Value for money and accountability feature prominently in Australia’s approach to managing performance. Australia has set out a clear and comprehensive performance framework to accompany its new aid policy with ten strategic targets aimed at translating policy change into operational realities, such as the concentration of 90% of bilateral aid on the Indo-Pacific region and the rapid scale up of the aid for trade portfolio. Australia’s experience with and reflection on these targets –– in terms of creating incentives and avoiding trade-offs, for example – could greatly benefit the DAC and should be actively shared. In addition, a four-level reporting architecture measures performance at the whole-of-aid, programme, individual investment and partner performance levels.

Australia can build on its achievements

Australia seeks to integrate development deeply in the department’s work, but some systems need to catch up

The integration of AusAID into DFAT in November 2013 has had profound implications for the organisation and management of Australia’s development co-operation. There have been coherence, efficiency and effectiveness gains as well as challenges.

Australia sought to integrate development into the spine of the original department. This level of integration was reflected in decisions on the structure, governance and capabilities of the newly expanded department. Australia is now taking stock of the impact of these decisions on its ability to deliver a quality and quality-assured development co-operation programme. For example, DFAT has recently decided to redefine the authority, responsibilities and membership of its two primary governance structures, merging them into one Aid Governance Board, to improve oversight of project and programme risk and performance.

Australia has clear and relevant processes for aid management. DFAT’s risk-related tools and processes for different levels of the portfolio, including risk registers and risk assessments for all investments, are set out clearly. Australia makes every effort to ensure its policies and data are transparent at the aggregate level. However, the transparency of individual investments could be improved including through clear directives from management on the need to publish regular and timely information. This would reinforce public accountability and confidence.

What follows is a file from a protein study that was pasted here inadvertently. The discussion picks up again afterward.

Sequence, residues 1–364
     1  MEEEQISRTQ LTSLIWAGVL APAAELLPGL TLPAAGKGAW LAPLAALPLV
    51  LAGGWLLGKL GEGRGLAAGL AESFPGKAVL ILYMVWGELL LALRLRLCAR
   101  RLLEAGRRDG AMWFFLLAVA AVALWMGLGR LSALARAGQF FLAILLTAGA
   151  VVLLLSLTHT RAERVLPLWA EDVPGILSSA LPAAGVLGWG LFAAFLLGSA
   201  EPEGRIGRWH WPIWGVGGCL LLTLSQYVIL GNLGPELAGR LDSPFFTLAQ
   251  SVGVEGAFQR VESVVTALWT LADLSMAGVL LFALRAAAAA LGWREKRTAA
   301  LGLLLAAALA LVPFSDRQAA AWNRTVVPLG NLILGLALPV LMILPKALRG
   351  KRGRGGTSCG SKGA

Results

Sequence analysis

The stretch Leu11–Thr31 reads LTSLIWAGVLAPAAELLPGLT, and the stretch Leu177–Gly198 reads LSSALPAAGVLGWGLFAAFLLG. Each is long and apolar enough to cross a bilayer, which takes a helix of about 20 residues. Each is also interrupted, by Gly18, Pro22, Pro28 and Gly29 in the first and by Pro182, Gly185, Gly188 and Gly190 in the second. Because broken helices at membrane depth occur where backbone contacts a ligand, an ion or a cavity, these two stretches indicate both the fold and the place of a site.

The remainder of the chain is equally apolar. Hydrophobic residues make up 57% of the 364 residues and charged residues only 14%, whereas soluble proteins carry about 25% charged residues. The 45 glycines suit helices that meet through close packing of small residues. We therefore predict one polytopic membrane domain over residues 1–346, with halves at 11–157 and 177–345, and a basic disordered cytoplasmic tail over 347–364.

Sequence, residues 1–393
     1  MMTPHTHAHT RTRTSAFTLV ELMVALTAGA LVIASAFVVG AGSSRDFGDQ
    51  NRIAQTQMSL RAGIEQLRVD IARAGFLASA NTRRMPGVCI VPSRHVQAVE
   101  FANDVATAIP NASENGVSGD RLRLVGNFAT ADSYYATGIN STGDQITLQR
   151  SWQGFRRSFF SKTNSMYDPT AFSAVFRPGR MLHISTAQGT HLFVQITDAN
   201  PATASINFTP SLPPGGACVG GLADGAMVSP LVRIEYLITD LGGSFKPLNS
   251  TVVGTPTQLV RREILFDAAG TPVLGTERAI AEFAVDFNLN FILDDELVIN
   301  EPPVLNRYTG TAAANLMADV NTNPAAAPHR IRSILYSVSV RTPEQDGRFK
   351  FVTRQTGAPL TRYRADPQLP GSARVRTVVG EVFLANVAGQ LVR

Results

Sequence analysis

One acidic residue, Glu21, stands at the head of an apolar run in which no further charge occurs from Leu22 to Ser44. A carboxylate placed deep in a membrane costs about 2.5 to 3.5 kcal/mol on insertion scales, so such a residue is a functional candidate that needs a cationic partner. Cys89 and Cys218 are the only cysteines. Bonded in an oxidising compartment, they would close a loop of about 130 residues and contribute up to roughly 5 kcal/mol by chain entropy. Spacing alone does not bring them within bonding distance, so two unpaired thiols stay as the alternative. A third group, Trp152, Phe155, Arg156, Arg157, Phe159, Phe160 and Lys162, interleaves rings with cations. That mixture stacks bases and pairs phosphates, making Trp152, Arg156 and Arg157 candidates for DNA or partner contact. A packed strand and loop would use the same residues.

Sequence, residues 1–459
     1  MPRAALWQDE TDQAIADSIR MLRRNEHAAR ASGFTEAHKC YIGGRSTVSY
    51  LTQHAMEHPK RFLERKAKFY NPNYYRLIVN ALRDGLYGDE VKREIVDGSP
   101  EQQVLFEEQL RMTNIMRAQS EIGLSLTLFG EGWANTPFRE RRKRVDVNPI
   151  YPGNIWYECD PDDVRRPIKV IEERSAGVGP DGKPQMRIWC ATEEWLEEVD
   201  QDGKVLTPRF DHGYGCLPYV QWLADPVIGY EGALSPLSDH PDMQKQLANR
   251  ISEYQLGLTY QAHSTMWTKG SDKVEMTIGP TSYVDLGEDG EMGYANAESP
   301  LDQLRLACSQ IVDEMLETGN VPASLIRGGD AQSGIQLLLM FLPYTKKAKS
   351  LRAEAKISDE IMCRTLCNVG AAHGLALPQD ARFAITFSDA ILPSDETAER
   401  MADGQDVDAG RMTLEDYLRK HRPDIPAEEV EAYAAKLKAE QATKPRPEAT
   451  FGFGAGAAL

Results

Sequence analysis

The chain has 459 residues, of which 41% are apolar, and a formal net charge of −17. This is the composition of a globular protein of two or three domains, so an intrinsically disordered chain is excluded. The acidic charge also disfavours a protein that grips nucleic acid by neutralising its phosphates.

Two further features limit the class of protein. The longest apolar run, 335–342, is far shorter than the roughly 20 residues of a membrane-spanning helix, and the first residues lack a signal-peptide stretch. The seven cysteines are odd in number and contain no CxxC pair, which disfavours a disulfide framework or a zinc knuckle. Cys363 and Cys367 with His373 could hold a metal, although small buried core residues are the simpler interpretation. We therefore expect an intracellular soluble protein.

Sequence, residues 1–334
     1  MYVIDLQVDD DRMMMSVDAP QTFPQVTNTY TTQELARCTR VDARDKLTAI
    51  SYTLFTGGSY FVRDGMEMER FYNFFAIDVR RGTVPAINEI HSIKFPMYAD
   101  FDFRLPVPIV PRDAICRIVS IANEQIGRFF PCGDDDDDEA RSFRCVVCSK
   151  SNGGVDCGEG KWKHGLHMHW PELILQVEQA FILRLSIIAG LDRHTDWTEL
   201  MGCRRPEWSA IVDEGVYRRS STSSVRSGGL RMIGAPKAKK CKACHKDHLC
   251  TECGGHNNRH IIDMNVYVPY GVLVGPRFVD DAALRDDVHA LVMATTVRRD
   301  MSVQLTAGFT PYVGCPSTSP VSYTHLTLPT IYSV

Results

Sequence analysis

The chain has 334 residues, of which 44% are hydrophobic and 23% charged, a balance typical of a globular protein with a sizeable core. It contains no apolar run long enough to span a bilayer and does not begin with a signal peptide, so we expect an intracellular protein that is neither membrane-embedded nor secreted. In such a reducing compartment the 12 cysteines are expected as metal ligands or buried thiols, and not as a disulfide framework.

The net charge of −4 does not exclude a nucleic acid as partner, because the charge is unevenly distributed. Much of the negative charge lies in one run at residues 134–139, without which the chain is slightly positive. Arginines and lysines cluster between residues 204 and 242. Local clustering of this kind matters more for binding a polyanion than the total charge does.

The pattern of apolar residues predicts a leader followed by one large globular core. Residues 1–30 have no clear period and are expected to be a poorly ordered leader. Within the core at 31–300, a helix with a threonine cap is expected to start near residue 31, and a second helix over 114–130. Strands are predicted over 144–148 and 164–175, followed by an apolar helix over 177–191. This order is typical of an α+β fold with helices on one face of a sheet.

DFAT has relied on its pre-integration systems to cope with the knowledge management and information needs of the development co-operation programme. DFAT is modernising its information technology platforms and will need to ensure that these become fit for purpose.


1. DFAT should improve its transparency in relation to the timely and accessible publication of activity-level information.

Taking its lead from the 2030 Agenda and building on its results and innovation focus, Australia can continue to improve internal learning and external communications

Australia influenced the 2030 Agenda but has yet to explicitly align its various frameworks, and particularly its aggregate performance framework, to the Sustainable Development Goals (SDGs). The UN High-level Political Forum in 2018, where Australia will present its first Voluntary National Review, offers it an opportunity to position development co-operation within its overall approach to the 2030 Agenda and to define how the aid programme will align to the SDGs.


2. In line with the 2017 Foreign Policy White Paper, DFAT should demonstrate alignment of its policy and performance frameworks with the SDGs.

In this review period, Australia has strengthened its focus on performance reporting, evaluation, innovation and research. Australia now needs to ensure that these practices and processes work in harmony and support improved learning and effectiveness. Following are some examples.

  • The aggregated performance reporting system is well oriented to ensure that performance information is used for overall direction, communications and accountability. However, there is less emphasis on using results for learning. Similarly, while aggregate reporting captures progress and achievement against performance targets, an enhanced focus on challenges and bottlenecks could help to further orient strategic decision making.

  • DFAT has a strong, independent evaluation system. Changes to its evaluation policy and planning process aim to further encourage evaluation use, better link centralised and decentralised evaluations, and ensure greater focus on strategic priority issues. DFAT has worked to improve the quality and consistency of decentralised evaluations, introducing useful tools and review processes for improving evaluation quality. Efforts are underway to now ensure that project-level evaluations and management responses are completed and published in accordance with the evaluation policy – an area where performance was lagging - to enhance the use of and learning from findings.